We have even less trouble rejecting Toledano's remaining arguments.
A. The district court found that Toledano did not timely raise the judicial estoppel issue—namely, the FEC has alleged facts in this litigation inconsistent with those set out in the conciliation agreements with the LaPrades—and therefore concluded that Toledano waived the argument. Because Toledano does not challenge the district court's conclusion that the argument was waived, we need not address his judicial estoppel argument on the merits. See Paracor Fin. v. Gen. Elec. Capital Corp., 96 F.3d 1151, 1168 (9th Cir.1996).
2 U.S.C. § 455(a) (emphasis added).
Once again, Toledano would have us ignore the language of the statute, which refers unmistakably to criminal prosecutions. What's more, he asks us to disregard FEC v. Williams, 104 F.3d 237, 240 (9th Cir.1996), which rejected precisely this argument in holding that the five-year general statute of limitations, 28 U.S.C. § 2462, "applies to FEC actions for the assessment or imposition of civil penalties under [the Federal Election Campaign Act]." Williams, 104 F.3d at 240. Toledano urges us to overturn Williams because the opinion is, in his view, poorly reasoned. But it has long been the rule that "only a panel sitting en banc may overturn existing Ninth Circuit precedent." United States v. Camper, 66 F.3d 229, 232 (9th Cir.1995). Williams, moreover, is plainly right. Because the FEC's action was brought within the five-year statute of limitations, it was timely.
Toledano's second ground of attack requires a bit more discussion. In arriving at the $7500 penalty, the district court relied on two factors we have identified as relevant in determining the amount of fine— bad faith and injury to the public. FEC v. Furgatch, 869 F.2d 1256, 1258 (9th Cir. 1989). Toledano claims that the district court improperly "weigh[ed] and judg[ed] Toledano's reasons and motive, intent and purpose" in finding bad faith. "[B]y word and phrase," the district court's order incorrectly implied that Toledano was "intentionally devious and deceptive" and that he "was a Prince supporter and conspired with Prince to produce the mailer." Further, according to Toledano, the district court erred in concluding that Toledano's "trivial" violation harmed the public.
We first address Toledano's "bad faith" argument. Toledano insists that he had no idea that the LaPrades were related to Prince and no suspicion that they were trying to evade campaign laws by funneling money to Prince through him and the Democratic Party. Although Toledano admits in his affidavit that he had earlier endorsed Prince's candidacy, he says he "had forgotten." Furthermore, he claims, "I have no recollection of ever being in the Jim Prince for Congress headquarters, although it is likely that I was." Even though Toledano worked with the Prince campaign and the campaign's printer to produce the pamphlets, he insists, "I do not recall who I talked to .... I don't recall recognizing to whom I was speaking. I vaguely recall working with the printer on the format and colors for the design ..., [but] I don't really recall the `Jim Prince colors' issue .... I had no idea that the [mailing house] was working with the Prince campaign on this .... And I had no idea that proofs were sent to the Prince campaign ...."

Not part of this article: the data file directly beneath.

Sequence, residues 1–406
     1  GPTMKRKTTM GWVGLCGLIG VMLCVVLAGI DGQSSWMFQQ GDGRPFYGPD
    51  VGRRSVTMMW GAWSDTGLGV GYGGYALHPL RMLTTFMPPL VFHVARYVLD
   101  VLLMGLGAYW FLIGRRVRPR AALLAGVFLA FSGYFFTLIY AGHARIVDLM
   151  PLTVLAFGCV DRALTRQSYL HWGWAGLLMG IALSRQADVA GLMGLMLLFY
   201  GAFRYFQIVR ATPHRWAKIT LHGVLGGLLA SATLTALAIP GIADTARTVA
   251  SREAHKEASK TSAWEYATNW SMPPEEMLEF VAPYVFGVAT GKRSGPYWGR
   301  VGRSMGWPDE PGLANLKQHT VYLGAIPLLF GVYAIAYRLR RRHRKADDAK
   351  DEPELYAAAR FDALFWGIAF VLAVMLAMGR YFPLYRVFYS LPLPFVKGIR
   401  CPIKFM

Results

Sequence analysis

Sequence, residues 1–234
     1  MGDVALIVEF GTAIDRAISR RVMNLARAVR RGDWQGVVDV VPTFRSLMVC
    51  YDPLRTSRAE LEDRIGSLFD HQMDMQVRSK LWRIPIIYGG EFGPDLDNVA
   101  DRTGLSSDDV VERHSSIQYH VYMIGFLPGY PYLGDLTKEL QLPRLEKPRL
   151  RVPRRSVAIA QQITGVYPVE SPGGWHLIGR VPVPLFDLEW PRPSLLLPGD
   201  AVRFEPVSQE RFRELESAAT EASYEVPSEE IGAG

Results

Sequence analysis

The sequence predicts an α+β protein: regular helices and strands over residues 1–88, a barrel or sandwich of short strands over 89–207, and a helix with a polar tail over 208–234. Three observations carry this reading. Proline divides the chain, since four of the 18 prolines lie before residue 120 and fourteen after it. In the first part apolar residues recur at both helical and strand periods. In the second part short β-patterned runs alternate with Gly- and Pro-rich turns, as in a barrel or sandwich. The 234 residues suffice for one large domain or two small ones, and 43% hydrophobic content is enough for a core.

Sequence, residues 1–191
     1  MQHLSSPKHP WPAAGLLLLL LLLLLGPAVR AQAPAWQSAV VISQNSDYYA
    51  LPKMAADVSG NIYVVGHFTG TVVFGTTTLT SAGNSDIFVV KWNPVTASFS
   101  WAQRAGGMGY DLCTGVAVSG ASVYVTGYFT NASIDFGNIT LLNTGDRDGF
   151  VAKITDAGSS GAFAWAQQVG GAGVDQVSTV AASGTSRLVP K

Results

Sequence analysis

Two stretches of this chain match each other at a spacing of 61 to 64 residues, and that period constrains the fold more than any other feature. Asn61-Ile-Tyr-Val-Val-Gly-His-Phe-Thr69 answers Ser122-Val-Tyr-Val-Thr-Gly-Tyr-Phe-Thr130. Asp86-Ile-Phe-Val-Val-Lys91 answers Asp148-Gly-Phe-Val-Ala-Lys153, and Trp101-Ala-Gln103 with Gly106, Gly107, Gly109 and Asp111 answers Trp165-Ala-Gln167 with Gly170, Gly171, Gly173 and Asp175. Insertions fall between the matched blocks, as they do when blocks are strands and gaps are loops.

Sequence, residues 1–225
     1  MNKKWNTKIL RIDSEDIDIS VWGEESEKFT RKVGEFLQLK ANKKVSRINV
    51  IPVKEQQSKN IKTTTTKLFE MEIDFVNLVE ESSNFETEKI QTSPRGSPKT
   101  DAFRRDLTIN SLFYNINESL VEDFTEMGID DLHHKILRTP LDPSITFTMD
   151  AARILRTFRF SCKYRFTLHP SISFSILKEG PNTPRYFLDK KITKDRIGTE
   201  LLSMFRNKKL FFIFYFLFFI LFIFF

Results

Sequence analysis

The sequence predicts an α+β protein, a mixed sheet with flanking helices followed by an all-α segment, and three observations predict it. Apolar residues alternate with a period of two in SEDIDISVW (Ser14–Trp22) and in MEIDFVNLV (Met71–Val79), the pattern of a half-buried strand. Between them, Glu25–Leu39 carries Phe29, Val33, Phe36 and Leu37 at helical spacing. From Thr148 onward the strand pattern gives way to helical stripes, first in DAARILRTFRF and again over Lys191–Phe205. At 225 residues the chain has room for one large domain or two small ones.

Toledano's answers at his deposition are equally opaque:
In his declarations and those portions of his deposition that are part of the district court record, Toledano invokes phrases
In order to survive a motion for summary judgment, the responding party must present competent evidence that creates a genuine issue of material fact. See Anderson v. Liberty Lobby, Inc., 477 U.S. 242, 248-52, 106 S.Ct. 2505, 91 L.Ed.2d 202 (1986). It is no longer enough to deny the moving party's allegations in a general way, or to demand that the moving party be "put to its proof." See id. at 248, 106 S.Ct. 2505. Rather, the party against whom a summary judgment motion is brought must present evidence that, if presented at trial, would support a judgment in its favor. See id. at 250-51, 106 S.Ct. 2505. Toledano's repeated failures of recollection, and his steadfast denials that he collaborated with the LaPrades to circumvent federal campaign laws, fall far short of satisfying this standard.
The FEC presented competent evidence that Toledano knew Prince and had given him an endorsement; that Prince and Toledano discussed the possibility of having the party create a publication relating to the endorsement, if only the Prince campaign could come up with the money to fund it; that sometime afterwards the LaPrades — who lived in Arizona and had no obvious connections with Orange County — gave Toledano a $10,000 contribution;